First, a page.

● Pet-safety harnesses/tethers. These are the equivalent of dog seat belts, but it is important to ensure that a travel harness is used as opposed to a walking harness. Check out https://ruffwear.co.uk/products/load-up-dog-car-harness or https://kurgo.uk/products/impact-dog-car-harness; never attach a tether to
● Dog guards. These fit between the boot and the back passenger seats, limiting dogs’ access to the body of the car to minimise driver distraction, although drivers need to ensure that their dogs do not obscure visibility. Dog guards offer little protection for the dog in the event of a collision.
A dog travelling in a pet tube.
Lucy Gray, marketing manager of Travelling With Pets (www.travellingwithpets.co.uk), says that a crash-tested product would be her number one choice.
“You wouldn’t choose any old booster seat over a child seat that meets current safety standards, and although there aren’t specific safety standards for pet travel yet, owners shouldn’t compromise on their pets’ safety either.
“Most modern cars now have Isofix fittings that allow child seats to clip in and be secured without the use of seat belts; we are finding that pet travel manufacturers are also starting to make use of these now, which makes sense.”
However, she accepts that buying decisions have to be balanced by practicalities and budget.“Not everyone can afford to buy a top of the range product. That doesn’t make them a bad owner. Price can be a determining factor and there are alternative products on the market.”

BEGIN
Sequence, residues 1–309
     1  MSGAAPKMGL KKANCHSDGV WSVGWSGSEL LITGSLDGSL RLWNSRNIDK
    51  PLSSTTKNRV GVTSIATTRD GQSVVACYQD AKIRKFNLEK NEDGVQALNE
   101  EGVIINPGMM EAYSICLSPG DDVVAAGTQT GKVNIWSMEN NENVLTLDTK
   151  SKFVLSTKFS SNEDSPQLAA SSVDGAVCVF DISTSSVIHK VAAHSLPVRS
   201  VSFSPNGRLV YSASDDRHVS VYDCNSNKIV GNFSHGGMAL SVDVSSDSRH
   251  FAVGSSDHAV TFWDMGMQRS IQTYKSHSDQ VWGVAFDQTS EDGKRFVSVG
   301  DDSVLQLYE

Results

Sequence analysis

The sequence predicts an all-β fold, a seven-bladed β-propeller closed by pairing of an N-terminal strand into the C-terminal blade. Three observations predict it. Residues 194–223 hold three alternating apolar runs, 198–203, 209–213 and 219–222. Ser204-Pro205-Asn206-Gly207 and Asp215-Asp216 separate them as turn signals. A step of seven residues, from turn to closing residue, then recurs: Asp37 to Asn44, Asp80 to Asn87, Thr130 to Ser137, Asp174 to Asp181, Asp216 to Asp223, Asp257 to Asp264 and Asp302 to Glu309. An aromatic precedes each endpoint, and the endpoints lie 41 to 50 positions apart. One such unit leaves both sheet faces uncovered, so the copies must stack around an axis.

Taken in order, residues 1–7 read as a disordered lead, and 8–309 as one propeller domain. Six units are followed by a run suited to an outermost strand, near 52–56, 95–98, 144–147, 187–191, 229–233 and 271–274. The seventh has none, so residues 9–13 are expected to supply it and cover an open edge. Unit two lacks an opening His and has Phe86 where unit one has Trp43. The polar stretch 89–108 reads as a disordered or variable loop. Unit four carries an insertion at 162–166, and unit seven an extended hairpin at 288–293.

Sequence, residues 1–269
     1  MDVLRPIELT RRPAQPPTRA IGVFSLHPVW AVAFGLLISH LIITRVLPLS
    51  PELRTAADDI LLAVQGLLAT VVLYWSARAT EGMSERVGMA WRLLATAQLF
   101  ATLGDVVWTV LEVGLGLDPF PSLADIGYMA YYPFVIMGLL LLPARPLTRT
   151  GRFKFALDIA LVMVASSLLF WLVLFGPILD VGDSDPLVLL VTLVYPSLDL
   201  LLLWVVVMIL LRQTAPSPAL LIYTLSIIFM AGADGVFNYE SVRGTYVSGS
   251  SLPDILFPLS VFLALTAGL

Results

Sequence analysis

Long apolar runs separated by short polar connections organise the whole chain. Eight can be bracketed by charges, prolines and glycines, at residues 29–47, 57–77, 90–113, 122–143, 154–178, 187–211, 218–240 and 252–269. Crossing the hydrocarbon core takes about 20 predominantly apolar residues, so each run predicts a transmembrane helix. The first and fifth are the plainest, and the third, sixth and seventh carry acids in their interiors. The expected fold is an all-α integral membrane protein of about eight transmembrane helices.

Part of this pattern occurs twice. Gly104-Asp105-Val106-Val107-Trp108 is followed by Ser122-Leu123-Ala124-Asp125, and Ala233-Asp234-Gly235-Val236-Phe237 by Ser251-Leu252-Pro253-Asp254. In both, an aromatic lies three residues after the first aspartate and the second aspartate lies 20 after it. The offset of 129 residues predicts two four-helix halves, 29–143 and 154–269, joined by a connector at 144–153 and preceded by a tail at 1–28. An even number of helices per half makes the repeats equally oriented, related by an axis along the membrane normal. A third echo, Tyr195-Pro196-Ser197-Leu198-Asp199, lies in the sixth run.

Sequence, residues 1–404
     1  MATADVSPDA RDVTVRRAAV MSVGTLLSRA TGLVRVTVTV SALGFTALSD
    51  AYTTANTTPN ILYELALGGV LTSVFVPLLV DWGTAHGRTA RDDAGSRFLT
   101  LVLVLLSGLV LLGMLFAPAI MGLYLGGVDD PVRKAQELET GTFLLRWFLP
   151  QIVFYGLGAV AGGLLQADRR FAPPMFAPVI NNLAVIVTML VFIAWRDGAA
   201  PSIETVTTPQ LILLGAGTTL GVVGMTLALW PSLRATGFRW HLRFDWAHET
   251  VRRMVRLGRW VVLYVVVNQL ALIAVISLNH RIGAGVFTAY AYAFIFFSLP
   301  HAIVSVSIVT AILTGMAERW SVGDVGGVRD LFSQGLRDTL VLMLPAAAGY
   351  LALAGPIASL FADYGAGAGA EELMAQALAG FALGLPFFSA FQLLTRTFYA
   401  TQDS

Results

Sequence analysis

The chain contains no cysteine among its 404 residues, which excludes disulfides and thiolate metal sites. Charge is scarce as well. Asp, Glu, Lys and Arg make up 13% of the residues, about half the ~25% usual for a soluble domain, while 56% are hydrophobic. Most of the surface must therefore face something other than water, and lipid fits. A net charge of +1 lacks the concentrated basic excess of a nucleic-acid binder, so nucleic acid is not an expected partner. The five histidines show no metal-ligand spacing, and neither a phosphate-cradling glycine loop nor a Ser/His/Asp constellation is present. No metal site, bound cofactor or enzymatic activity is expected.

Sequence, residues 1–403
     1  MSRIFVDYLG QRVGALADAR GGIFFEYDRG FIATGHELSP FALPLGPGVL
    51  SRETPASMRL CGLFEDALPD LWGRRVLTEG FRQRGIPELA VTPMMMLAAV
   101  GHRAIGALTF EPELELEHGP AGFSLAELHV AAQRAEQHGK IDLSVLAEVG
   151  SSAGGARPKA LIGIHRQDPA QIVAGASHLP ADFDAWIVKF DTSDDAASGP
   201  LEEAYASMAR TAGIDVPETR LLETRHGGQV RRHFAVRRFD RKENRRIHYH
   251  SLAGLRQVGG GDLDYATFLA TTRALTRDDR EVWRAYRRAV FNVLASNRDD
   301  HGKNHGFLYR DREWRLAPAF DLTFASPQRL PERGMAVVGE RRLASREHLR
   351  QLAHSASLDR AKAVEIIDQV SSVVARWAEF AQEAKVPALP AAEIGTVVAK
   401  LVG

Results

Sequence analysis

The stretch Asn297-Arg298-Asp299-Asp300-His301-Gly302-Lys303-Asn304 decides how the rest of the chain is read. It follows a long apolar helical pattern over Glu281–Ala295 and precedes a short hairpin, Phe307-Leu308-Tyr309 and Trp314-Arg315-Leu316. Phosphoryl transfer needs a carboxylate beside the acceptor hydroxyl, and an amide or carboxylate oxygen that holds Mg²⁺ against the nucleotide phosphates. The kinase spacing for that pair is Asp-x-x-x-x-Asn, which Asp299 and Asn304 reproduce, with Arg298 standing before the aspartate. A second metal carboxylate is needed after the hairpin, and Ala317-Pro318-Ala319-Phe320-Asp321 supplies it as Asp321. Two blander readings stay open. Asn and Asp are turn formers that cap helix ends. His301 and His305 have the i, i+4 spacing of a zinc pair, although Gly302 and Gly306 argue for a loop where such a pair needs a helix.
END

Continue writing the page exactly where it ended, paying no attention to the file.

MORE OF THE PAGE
Risk may be a factor in your decision-making. Every day we subconsciously undertake ‘risk assessments’ and act upon them, from securing our homes when we leave them, to crossing a road. We may consider that based on anticipated miles, the need for extra protection is unnecessary. However, an interpretation of “restraint” cannot be compromised.
“Restraint doesn’t necessarily mean that a dog has to wear a harness or that he needs to be in a cage. But your dog shouldn’t be able to jump about in the car and definitely shouldn’t be sitting on your lap, or in the footwell when travelling... but it’s surprising how some people think this is acceptable,” explained Lucy.
A dog travelling in a pet tube.
The humanisation of pets often means that comfort is placed ahead of safety. Putting little Fifi in a cage in lieu of a soft warm lap may be unthinkable for some, but it is undeniably a safer option.